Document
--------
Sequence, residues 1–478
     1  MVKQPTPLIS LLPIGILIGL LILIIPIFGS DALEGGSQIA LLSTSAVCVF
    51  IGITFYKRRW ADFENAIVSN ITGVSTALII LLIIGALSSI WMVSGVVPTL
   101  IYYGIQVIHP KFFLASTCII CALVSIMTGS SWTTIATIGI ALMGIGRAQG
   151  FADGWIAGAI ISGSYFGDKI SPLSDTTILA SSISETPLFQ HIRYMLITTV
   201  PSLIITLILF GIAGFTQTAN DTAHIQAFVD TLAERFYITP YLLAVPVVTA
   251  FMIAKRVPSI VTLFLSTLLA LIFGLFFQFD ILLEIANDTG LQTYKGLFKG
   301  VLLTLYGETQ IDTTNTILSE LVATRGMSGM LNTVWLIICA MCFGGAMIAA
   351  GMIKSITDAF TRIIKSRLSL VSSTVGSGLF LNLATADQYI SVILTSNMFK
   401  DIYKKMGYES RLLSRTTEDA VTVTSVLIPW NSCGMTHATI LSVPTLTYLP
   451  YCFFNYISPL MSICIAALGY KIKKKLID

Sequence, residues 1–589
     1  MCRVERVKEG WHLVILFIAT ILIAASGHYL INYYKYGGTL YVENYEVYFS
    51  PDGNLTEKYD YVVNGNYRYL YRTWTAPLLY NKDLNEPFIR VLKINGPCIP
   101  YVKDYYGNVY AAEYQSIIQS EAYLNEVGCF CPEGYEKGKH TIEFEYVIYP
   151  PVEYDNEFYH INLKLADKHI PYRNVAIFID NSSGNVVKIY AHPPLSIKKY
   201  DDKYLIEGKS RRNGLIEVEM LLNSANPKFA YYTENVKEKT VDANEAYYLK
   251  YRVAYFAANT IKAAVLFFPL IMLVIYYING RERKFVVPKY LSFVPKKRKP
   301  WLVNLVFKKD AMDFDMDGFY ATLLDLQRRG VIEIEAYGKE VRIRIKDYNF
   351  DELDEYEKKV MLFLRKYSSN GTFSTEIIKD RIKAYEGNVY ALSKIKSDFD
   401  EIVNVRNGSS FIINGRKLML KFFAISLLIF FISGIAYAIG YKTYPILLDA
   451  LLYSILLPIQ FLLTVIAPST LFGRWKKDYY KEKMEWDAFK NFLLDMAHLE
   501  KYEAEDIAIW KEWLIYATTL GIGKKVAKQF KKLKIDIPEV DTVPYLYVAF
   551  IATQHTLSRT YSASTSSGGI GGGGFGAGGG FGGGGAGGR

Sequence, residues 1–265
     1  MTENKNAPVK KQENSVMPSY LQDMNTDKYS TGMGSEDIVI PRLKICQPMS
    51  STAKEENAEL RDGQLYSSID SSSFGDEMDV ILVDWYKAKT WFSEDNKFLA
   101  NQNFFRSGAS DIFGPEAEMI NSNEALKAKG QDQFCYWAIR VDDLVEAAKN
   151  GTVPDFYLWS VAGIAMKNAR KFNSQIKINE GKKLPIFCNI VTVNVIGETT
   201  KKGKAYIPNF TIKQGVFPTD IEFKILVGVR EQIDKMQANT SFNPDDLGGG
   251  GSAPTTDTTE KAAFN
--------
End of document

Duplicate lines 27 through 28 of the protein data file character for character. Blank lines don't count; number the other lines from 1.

    51  STAKEENAEL RDGQLYSSID SSSFGDEMDV ILVDWYKAKT WFSEDNKFLA
   101  NQNFFRSGAS DIFGPEAEMI NSNEALKAKG QDQFCYWAIR VDDLVEAAKN